1. Does my page have valuable internal and external links?

Page linking is a valuable tactic when trying to rank higher. Internal links that take the reader to other pages on your site give both your page and site more credibility. Likewise, external links linked to other sites can add value, especially if that site links back to you. 

  1. How is my content length?

Content length is a huge topic of discussion, and you’ll find a variety of opinions. Sometimes people want less content and a quick answer; sometimes, people are looking for a longer and fleshed out explanation. 

However, most agree that your content should be long enough to give the reader what they were looking for, but not so long that you start to provide information that isn’t valuable. In general, your page should have at least 300 words to be considered credible by Google. 

  1. Do I have video/images?

Images and videos are effortless ways to add value and authority to your page. Remember that on-page SEO refers to your page’s main content and additional content like meta tags and URLs.

Images and videos work in a similar way. When you add an image to your page, you have the opportunity to give it a descriptive file name and an alt-tag. Both allow you to include your keyword one more time. Your alt tag provides a text alternative to your image, meaning that when Google crawls your page, it will read your alt-tag instead of seeing your image. A useful alt tag will help your page rank.

  1. What about my URL and meta description?

Now that you’ve written your article or page, you know everything your page covers, meaning that you can create quality URLs and meta descriptions to give your page one last boost.

on-page SEO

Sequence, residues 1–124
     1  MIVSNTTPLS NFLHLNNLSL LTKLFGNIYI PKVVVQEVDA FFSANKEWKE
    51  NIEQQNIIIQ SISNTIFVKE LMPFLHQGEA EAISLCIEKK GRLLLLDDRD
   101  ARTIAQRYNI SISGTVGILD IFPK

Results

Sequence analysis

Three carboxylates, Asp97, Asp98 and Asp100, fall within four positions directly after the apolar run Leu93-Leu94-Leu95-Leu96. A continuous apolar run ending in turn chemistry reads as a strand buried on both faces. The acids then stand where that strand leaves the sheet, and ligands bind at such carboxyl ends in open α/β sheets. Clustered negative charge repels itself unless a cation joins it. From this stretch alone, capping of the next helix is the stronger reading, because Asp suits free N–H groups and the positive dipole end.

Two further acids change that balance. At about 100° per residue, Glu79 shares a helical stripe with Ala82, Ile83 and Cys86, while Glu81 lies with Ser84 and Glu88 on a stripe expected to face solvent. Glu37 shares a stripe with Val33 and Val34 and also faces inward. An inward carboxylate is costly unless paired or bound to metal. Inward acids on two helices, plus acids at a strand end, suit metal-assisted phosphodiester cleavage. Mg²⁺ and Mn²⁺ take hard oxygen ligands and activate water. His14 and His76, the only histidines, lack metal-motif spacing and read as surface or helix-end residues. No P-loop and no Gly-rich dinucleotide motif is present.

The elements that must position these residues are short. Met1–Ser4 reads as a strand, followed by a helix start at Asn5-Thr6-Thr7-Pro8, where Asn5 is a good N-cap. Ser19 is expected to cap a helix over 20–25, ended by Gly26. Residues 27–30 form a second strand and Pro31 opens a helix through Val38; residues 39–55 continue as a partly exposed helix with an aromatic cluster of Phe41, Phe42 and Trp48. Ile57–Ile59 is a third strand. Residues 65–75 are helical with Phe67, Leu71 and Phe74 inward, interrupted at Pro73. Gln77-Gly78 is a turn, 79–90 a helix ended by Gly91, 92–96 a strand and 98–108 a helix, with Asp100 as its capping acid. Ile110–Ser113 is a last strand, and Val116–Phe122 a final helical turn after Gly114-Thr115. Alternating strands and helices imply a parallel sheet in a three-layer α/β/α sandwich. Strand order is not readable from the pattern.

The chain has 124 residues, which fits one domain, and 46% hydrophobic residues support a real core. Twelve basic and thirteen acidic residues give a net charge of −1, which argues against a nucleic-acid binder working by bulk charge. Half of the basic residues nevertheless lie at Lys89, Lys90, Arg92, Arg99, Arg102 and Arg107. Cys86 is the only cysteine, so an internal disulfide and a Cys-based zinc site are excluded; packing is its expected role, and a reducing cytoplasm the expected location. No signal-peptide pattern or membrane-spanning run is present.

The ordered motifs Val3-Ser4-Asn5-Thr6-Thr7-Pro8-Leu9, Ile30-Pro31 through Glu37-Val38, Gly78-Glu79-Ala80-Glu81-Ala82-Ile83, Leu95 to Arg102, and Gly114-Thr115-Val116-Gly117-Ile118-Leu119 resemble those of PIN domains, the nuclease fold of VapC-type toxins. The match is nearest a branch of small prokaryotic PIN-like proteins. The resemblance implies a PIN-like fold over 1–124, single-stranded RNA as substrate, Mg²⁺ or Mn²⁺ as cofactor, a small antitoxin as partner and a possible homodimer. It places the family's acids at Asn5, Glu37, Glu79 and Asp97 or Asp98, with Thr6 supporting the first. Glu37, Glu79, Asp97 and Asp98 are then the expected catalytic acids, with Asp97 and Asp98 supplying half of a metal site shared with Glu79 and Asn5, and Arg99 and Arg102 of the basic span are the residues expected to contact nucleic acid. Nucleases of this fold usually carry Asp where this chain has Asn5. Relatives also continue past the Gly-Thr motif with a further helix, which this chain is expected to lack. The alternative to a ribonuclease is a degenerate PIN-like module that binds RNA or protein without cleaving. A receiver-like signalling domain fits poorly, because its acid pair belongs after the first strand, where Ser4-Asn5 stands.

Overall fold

On-Page Optimization Checklist

Now that we know what on-page SEO is and how to use it to our advantage, there’s one final thing to do before publishing your page. Make sure your page is optimized for the search engines. 

  • Count your keywords

Keyword density is important, and you want to make sure that your keyword usage is well balanced throughout your page. While putting in your keyword too few times can harm you, the same goes for adding it too many. 

  • Double-check media

Before publishing, you want to make sure your images and videos are embedded correctly and have the appropriate descriptions and alt tags.

  • Check scannability 

Ranking high in the SERP is equally about your page’s structure and the quality of its content. Read through your article as if you were your audience. Does it make sense? Is it easy to read? Does it answer my question?

  • Rewrite your meta description one more time

Your meta description is extremely valuable, both for crawling and readers. It’s the section of text you see under the title in the search engine. Make sure it’s concise and informative while using your keyword. 

  • Make sure your links work

Finally, double-check your links. Broken links won’t do you any favors. 

on page SEO checklist

FAQs About Our On-Page SEO Checklist:

  • What is on-page SEO?
  • What is off-page SEO?
  • How do I rank higher?
  • What do I need for on-page SEO?
  • How do I optimize my content?